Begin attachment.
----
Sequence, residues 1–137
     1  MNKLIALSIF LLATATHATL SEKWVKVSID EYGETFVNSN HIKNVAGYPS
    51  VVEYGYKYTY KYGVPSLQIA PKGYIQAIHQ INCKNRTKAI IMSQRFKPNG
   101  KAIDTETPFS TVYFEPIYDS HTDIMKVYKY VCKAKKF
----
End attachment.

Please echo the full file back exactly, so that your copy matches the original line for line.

Sequence, residues 1–137
     1  MNKLIALSIF LLATATHATL SEKWVKVSID EYGETFVNSN HIKNVAGYPS
    51  VVEYGYKYTY KYGVPSLQIA PKGYIQAIHQ INCKNRTKAI IMSQRFKPNG
   101  KAIDTETPFS TVYFEPIYDS HTDIMKVYKY VCKAKKF